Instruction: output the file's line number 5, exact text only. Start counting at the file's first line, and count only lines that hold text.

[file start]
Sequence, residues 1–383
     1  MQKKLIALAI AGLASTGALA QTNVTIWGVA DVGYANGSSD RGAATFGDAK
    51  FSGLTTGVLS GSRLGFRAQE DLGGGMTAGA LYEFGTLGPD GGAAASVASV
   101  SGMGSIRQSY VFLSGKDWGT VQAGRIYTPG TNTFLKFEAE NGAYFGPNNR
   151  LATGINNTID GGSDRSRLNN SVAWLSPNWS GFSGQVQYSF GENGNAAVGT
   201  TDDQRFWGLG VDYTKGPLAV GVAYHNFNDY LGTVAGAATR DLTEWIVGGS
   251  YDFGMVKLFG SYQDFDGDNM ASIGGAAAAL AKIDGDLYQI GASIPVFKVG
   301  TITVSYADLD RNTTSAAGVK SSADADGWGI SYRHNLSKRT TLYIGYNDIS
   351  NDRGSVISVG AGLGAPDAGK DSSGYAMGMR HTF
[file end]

   151  LATGINNTID GGSDRSRLNN SVAWLSPNWS GFSGQVQYSF GENGNAAVGT